Although a high blood potassium level usually does not produce symptoms or side effects, it may cause nausea and slow, weak or irregular pulse, according to MedlinePlus. In severe cases, the heart may stop. Muscle fatigue, weakness and paralysis can also occur, notes Mayo Clinic.
Patients who have a very high potassium level or are experiencing symptoms typically require emergency treatment to lower their potassium, explains MedlinePlus. Depending on the cause, treatment may include water pills, sodium bicarbonate or medication that prevents the intestines from absorbing potassium. Intravenous medications, such as glucose and insulin, may also be administered to lower potassium levels. Intravenous calcium can be given to patients who are experiencing side effects involving the heart or the muscles. Patients with decreased kidney function sometimes require dialysis.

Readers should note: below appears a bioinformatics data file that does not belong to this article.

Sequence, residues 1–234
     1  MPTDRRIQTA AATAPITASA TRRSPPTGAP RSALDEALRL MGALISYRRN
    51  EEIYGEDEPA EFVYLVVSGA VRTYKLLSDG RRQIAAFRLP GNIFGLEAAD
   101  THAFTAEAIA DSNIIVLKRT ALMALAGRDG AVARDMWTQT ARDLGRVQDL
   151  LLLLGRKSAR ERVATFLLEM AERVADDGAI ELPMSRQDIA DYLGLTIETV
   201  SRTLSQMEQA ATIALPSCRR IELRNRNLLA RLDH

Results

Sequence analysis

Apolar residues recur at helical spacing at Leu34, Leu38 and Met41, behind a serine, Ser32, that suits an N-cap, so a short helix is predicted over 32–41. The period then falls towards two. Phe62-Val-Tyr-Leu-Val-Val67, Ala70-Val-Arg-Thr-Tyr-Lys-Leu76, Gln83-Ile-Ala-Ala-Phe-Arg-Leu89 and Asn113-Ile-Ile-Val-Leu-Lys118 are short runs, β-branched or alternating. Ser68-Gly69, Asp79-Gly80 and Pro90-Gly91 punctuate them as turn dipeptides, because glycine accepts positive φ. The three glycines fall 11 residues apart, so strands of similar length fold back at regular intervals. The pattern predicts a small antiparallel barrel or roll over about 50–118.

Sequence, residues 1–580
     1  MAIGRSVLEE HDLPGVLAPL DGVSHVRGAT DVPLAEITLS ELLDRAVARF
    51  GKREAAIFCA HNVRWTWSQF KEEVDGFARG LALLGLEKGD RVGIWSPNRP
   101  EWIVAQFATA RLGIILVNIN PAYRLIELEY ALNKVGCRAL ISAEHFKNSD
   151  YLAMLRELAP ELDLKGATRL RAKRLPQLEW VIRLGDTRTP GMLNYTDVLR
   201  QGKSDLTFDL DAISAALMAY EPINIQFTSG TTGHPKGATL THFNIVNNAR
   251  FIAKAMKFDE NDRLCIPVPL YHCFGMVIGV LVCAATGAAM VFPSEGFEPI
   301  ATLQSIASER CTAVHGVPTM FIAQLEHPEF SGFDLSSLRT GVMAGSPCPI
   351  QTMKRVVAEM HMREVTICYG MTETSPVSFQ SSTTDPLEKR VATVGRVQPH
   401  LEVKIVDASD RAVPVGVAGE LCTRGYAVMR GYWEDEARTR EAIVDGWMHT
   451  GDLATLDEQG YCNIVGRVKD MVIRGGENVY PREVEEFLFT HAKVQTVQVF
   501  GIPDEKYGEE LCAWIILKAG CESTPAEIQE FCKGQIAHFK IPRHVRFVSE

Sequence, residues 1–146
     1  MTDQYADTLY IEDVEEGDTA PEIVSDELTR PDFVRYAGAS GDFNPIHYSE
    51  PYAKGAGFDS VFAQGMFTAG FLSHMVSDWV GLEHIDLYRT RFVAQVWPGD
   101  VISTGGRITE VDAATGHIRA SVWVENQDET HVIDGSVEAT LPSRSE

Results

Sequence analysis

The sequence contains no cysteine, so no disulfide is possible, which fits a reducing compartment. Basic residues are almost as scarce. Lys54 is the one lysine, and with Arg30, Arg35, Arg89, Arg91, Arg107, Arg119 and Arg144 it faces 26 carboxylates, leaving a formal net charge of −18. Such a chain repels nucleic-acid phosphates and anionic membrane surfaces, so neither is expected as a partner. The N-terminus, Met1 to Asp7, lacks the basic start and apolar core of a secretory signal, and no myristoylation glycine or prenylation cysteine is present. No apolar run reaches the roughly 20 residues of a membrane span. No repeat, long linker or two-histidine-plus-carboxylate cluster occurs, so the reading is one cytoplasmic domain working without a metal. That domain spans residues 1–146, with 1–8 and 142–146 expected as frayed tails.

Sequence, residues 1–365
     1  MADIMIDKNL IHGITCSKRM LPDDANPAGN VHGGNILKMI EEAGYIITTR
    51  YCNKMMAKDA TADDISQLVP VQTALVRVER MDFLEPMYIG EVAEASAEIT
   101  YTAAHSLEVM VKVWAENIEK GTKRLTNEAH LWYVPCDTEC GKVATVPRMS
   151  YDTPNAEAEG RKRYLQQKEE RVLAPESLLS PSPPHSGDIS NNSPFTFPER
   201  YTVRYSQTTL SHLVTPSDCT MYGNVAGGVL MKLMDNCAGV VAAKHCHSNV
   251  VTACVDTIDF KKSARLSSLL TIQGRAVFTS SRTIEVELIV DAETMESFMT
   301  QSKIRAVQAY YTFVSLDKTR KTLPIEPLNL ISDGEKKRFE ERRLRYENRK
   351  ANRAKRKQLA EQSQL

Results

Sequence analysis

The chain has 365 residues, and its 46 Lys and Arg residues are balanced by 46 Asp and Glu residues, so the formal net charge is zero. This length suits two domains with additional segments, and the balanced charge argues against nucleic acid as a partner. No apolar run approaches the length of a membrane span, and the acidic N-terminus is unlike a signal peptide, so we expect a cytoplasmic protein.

Limiting foods that are high in potassium, including avocados, bananas, oranges, potatoes, tomatoes and cooked spinach, can help prevent high potassium levels in the blood. Potential causes of high potassium include Addison's disease, extensive burns, certain conditions that cause blood cells to burst, severe bleeding in the stomach and intestines, and some medications, states MedlinePlus. Activities that cause damage to the muscles and other cells, such as drug or alcohol abuse, untreated seizures, surgery, chemotherapy or certain types of infection, can also raise potassium levels.